Burts AIS, osCommerce & More Blog
New URL: www.osworld.biz

Wednesday, January 25, 2006

Does Commission Drive Sales?

So, you'll all have realised by now that I entered the Burts Challenge by having a product created which I am now selling via a website. Simple, so far. I have just one competitor, who launched a few days before I did. I spent too much time going over the details, gathering feedback and did not just get out there and "do it" as I normally do. The competition product sells for $197, which is due to increase to $297...he offers 50% commission. My product does a better job, much faster with more options and less hassle. And costs a lot, _lot_ less. Over the past few days, I've been contacting people who are in the affiliate marketing game to sell the product to their opt-in email lists and site/forum members. I sent around 25 to 30 emails to these people, and so far only one has replied. Basically his response was "wow! great tool - but I'd be missing out on $100 of commission if I sell yours; if you up the price I'll stop selling his and starting selling yours"...this kind of got me thinking - should the rate of return for an Affiliate determine whether or not he sells one product over another. In most cases, the answer is patently "yes", even though the superior (but cheaper, and consequently lower commission) tool would be better for his clients! I sincerely hope that I never start promoting products like this. I would rather say "this ABC product is crap, buy XYZ product instead" - even if it meant I earned no commission. Maybe, my view of the marketing world is not as cynical as these people yet. It appears that most marketers will do anyting it takes to get affiliate commissions, and that to me is wrong. Perhaps this harks back to my days as an offline salesman where the correct product had to be sold, or else we'd be fined for mis-selling.

Please, someone shoot me if I start promoting products based on rate of commission rather than what I believe will help you.
Of course, I could increase the product price to $197 and offer 50% commission, thereby matching my competitor - but I do not want to do that. That stinks :(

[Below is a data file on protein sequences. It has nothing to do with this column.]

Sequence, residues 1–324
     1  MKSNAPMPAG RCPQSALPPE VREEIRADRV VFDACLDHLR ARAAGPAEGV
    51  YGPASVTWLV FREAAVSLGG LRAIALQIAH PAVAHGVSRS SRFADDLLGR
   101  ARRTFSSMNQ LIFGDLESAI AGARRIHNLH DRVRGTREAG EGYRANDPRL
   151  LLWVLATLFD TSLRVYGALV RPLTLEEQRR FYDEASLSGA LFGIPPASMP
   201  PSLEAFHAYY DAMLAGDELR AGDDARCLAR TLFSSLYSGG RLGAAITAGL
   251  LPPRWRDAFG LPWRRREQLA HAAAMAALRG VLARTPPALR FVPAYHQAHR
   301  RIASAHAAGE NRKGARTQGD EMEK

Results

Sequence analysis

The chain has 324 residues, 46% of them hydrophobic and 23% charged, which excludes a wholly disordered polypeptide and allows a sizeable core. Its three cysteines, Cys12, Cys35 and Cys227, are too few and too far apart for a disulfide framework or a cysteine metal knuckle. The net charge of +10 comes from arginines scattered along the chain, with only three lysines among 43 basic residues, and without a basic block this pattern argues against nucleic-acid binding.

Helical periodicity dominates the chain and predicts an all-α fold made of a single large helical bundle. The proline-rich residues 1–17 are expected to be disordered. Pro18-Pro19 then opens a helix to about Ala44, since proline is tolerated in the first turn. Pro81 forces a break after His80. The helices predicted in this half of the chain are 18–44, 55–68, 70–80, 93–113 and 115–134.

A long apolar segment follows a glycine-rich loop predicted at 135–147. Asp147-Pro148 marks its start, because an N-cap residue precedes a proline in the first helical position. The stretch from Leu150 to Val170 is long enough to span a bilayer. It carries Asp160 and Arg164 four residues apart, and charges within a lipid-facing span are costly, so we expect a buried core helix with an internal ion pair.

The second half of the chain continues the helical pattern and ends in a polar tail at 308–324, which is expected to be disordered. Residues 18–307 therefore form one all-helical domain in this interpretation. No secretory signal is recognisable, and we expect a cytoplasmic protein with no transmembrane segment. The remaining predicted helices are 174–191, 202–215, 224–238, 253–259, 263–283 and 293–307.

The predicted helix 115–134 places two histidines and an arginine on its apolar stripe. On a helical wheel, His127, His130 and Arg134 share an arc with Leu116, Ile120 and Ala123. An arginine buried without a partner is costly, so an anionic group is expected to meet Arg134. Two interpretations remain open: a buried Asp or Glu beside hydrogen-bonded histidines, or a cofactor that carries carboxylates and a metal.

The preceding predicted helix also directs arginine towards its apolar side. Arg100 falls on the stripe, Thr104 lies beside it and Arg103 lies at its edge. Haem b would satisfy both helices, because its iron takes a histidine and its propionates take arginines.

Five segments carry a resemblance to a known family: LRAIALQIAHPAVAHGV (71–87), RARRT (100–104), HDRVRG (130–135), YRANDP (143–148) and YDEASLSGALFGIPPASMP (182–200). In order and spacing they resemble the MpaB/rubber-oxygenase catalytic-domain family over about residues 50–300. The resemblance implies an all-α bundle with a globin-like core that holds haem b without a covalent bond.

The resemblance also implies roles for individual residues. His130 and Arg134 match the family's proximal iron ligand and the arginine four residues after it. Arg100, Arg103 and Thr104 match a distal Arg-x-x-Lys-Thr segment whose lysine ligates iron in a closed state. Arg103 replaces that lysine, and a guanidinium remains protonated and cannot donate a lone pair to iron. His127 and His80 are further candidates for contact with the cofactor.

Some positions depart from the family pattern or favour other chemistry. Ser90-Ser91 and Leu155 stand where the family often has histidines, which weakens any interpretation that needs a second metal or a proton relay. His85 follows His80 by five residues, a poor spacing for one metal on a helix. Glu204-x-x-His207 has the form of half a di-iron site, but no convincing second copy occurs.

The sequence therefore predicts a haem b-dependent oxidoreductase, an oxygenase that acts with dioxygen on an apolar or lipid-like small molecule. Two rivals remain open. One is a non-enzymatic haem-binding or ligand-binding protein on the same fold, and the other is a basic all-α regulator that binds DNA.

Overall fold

New URL: www.osworld.biz - thanks!


At 1/25/2006 05:25:00 PM, Anonymous One Dollar A Day said...

Just reinforces my already cynical view of internet marketers and makes me trust them even less!

In a world where your word and reputation are eveything, it seems a bit wrong doesn't it?

Name and shame burt...go on...!

At 1/25/2006 05:49:00 PM, Anonymous Chance said...

As it gets closer to launch of my new service, affiliates are really starting to give me a headache.

I guess you can say "forget them" and only go with marketers who will promote your product because its actually better, but that does beg the question just how many affiliates you can attract that will have actual ethics.

At 1/25/2006 05:51:00 PM, Anonymous One Dollar A Day said...

Also, it makes you start thinking about how half of these marketing type products are priced...many of them don't seem to be worth their price tag...does the price get artifically inflated to attract the big affiliate marketers? I'm certain they do!

At 1/25/2006 05:58:00 PM, Anonymous dreamscape said...

Well perhaps I didn't read carefully enough, but it seems to me that there are 2 substitute products, yours and your competitors, which are similar to each other.

And the affiliate chooses to stay with the other over yours, because he sees he can make more money with it.

Frankly, I don't see where ethics or marketing comes in here. It is not as if the other guy's product is so different from yours that selling it would be unethical; they are substitute products, so if it is ok to market yours, then it must be ok to market the other guy's too. I personally prefer Crest toothpaste, but that does not make it wrong for someone to try to sell me Colgate, or wrong for them to choose to market Colgate over Crest. That is absolutely ridiculous if that's what you really believe.